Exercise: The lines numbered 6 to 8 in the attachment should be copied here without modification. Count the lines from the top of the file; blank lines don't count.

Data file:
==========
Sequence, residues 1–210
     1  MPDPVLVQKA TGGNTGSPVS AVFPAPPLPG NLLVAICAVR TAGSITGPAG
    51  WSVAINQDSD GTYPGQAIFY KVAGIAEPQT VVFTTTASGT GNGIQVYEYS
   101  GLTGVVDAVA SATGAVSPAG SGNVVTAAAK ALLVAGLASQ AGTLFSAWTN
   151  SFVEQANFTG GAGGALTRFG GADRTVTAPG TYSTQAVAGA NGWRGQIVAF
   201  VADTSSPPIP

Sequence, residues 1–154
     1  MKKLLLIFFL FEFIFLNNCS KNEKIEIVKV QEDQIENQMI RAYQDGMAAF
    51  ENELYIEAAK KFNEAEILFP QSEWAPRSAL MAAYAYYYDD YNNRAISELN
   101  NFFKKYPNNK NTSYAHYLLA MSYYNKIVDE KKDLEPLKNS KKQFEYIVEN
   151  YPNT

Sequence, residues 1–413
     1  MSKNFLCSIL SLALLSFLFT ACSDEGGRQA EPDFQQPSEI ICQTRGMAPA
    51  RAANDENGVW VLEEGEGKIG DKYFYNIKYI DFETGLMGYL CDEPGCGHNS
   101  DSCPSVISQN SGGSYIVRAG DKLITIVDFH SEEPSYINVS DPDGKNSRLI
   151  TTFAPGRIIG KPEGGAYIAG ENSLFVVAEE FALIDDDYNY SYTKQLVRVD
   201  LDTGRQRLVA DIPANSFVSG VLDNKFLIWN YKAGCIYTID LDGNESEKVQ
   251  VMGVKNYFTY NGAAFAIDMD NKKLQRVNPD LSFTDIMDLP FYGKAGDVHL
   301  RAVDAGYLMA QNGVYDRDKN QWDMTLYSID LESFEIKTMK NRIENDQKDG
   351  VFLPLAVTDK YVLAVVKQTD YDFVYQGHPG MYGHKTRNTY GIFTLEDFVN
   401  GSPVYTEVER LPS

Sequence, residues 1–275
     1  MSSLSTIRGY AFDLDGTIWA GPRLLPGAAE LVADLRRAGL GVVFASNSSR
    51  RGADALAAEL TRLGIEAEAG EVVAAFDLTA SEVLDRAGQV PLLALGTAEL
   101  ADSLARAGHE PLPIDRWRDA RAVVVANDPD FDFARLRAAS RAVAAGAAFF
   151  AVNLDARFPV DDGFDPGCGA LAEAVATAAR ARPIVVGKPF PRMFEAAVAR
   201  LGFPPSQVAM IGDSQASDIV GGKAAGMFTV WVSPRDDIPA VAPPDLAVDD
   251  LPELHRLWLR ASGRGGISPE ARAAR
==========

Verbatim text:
   201  VADTSSPPIP

Sequence, residues 1–154
     1  MKKLLLIFFL FEFIFLNNCS KNEKIEIVKV QEDQIENQMI RAYQDGMAAF